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Friday, June 14, 2013

Busy as a Bee

Sorry for the long absence again, since I've been simultaneously busy and lazy haha. Starting from July onwards, I'll be embracing a new life as a college student studying for his A-levels. Everything will be a new experience for me; a new living space in the dormitory, new friends, new knowledge to gain, etc. I'll be busy packing stuff and getting ready for college soon, and I'm not sure whether I'll be able to blog in college again. Hopefully this isn't the end of it haha.

But the bees have been far busier than I am (and far more consistent too). They are great to have around as they pollinate my plants, ensuring the production of fruits and seeds in my plants.

Water lilies (Nymphaea sp.) are bee magnets. They never fail to capture the attention of these busy bees. This black bee appears to be a stingless bee, perhaps Heterotrigona itama, as IDed by a beekeeper friend.

This bee appears to be of the Ceratina genus, often known as the Small Carpenter Bee. It has nice yellow markings on its face.

2 bees using the same flower as a source of nectar. I'll never run out of water lily seeds as long as the bees keep visiting.

My Damask rose is also pretty attractive to the bees, and to me as well. The bees hover from one fragrant flower to another, collecting sweet nectar and pollen. However, I'm not sure of this bee species though.

Tuesday, April 23, 2013


The humongous family of flowering plants collectively known as orchids have been one of my favourite families of angiosperms since childhood, though I've only started collecting them since 2 years ago. With hundreds of genera and thousands of species in the widespread Orchidaceae family, orchids come in a plethora of shapes, sizes, colours, and growth habits.

These Dendrobium hybrids are very easy to grow, capable of taking full sun. They flower quite frequently compared to other orchids, and the flowers are relatively long-lasting. Usually, Dendrobium orchids will produce new offshoots after flowering ends, while the mother plant slowly dies. These offshoots grow quickly to flowering size and the process repeats.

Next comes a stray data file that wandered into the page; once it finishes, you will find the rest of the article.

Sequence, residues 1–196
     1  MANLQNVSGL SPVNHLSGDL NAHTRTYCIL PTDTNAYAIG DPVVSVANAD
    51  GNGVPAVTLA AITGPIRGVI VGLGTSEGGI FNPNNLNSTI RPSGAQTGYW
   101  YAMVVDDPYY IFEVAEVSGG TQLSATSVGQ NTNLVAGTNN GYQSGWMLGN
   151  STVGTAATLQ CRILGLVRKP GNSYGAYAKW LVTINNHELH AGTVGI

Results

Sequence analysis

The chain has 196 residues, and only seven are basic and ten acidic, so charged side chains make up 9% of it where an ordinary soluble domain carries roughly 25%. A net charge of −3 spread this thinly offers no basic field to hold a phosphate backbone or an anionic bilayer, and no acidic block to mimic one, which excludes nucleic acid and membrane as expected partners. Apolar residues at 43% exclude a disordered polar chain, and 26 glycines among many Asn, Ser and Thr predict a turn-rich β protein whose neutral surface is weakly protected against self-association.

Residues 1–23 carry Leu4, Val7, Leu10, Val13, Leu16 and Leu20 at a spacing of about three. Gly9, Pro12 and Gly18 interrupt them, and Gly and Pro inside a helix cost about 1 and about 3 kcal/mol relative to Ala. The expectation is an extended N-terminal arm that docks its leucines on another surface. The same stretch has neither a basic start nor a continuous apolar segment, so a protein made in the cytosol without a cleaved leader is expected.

This is an unknown Vandaceous hybrid. It is a very vigorous grower and blooms every month without fail. Sometimes, new flower spikes are produced even though the old ones have not faded yet. It is a very hardy plant, able to take the scorching heat and neglect without problems.

This beige Phalaenopsis (Moth orchids) was a gift from my mother. The venation and colour of the flowers is rather unique compared to other Phals, which are often shades of purple, white and orange. These are much more finicky than the other orchids though, since they dislike direct sunlight and excessively wet medium. They are slow growers and usually take a year to rebloom.

This Oncidium (Dancing Ladies) is also an easy plant to grow. It is very free-flowering and the cute yellow blossoms do resemble their namesake. Unfortunately, snails love munching on the flowers, so I have to hunt them down at night to prevent them from leaving holes in the blossoms.

Spathoglottis (Ground Orchids) are one of my favourite genera of orchids. They produce many colourful and long-lasting blossoms frequently, are hardy and problem-free, and can be grown in normal soil. While the flowers themselves are rather short-lived, the flower stalk will continuously produce new ones daily for months.

This white Cattleya is also a favourite orchid of mine. While it grows rather slowly, though faster than Phalaenopsis, the flowers are worth the wait. The huge, white blossoms produce a lovely fragrance, but only last for a few weeks.

On a separate note, I'll be going to college to further my studies this Jul, so I may cease being active again. I'll miss my plants a lot haha.